Thai activists pursue change despite legal threats
Chonthicha “Lookkate” Jangrew is taking her campaign to the streets, going door-to-door to garner support for the upcoming May 14 General Election. However, she faces the possibility of imprisonment due to charges of sedition and royal defamation from protests in 2020.
The 30 year old activist is among over a dozen representatives from the student-led protest movement who are shifting their focus from demonstrating on the streets to participating in the election as candidates. They are bravely addressing the issue of the monarchy’s role in society despite the severe consequences. A conviction under Section 112 of the Criminal Code, the lese-majeste law, could lead to up to 15 years in prison.
The Move Forward Party, for which Chonthicha is running, aims to modify – instead of abolishing – the royal defamation law. The party proposes to decrease the severity of punishments and states that only the Bureau of the Royal Household should be qualified to file complaints.
“Both paths need to move forward together,” Chonthicha stated in an interview while taking a break from campaigning in Pathum Thai. “If you want to make a change in Thailand, you cannot rely solely on street movements or only on parliament.”
The 2020 demonstrations were initially against the military’s domination of politics and a controversial election. However, they made history by also questioning the authority of the monarchy. Legal action against protest leaders has largely suppressed the protests, with hundreds arrested and facing ongoing criminal cases in the courts.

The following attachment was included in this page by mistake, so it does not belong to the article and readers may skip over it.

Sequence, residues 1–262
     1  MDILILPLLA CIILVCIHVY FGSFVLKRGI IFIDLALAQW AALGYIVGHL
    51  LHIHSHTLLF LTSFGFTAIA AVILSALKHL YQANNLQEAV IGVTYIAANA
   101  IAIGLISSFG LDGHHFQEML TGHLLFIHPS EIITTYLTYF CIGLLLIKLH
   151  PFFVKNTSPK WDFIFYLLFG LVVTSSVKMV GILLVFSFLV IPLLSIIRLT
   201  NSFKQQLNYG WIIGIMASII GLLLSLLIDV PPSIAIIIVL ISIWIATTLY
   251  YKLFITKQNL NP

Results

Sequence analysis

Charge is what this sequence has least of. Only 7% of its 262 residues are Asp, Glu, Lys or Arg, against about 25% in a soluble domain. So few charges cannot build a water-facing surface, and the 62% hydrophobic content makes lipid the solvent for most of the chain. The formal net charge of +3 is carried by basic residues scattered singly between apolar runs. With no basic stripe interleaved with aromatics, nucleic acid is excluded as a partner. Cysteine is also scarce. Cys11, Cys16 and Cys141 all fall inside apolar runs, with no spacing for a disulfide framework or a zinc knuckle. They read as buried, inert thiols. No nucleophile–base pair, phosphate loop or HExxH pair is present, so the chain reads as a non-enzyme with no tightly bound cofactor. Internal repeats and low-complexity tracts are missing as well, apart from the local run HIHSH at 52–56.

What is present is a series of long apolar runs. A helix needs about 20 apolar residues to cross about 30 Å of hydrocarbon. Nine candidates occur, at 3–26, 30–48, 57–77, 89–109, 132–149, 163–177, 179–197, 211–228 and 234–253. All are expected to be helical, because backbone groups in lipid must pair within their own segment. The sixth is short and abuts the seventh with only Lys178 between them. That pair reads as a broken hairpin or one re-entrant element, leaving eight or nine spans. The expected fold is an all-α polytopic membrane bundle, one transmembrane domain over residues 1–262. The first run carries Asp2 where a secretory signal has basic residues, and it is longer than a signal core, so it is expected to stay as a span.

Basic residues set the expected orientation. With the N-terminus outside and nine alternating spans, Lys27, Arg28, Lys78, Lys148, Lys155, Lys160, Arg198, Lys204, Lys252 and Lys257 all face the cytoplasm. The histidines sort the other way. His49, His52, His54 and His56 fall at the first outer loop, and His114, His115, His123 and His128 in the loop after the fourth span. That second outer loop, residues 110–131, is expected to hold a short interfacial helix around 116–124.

Chonthicha disclosed that she has 28 criminal cases against her, including two of lese-majeste. If convicted, her parliamentary career would come to an end since a person convicted of an offence is disqualified from the House of Representatives.
Data from Thai Lawyers for Human Rights (TLHR) reveals that since the inception of the Free Youth pro-democracy protests in July 2020, 1,898 individuals have been prosecuted for political participation and expression. At least 237 are facing lese-majeste charges, and 130 are charged with sedition.
Renowned Thai activist Chonthicha “Lookkate” Jangrew is going door-to-door, campaigning for the May 14 election while facing the risk of imprisonment due to charges of sedition and royal defamation from 2020 protests. The 30 year old is among several activists moving from street protests to participating in the election as candidates. They are courageously discussing the role of the monarchy in society, despite serious consequences under the lese-majeste law.
The Move Forward Party, which Chonthicha represents, is aiming to amend rather than abolish the royal defamation law. The party suggests reducing the severity of punishments and allowing only the Bureau of the Royal Household to file complaints.
Asserting the need for change, Chonthicha said…
“If you want to make a change in Thailand, you cannot rely solely on street movements or only on Parliament. Both paths need to move forward together.”
The 2020 demonstrations began as opposition to the military’s political domination and a contested election but later questioned the monarchy’s authority. Protests were mainly suppressed through legal action against leaders, with hundreds arrested and facing ongoing criminal cases.
Chonthicha revealed she has 28 criminal cases against her, including two of lese-majeste, which could end her political career if convicted.
Thai Lawyers for Human Rights (TLHR) data show that since the Free Youth pro-democracy protests began in July 2020, 1,898 people have been prosecuted for political participation and expression, with 237 facing lese-majeste charges and 130 charged with sedition.
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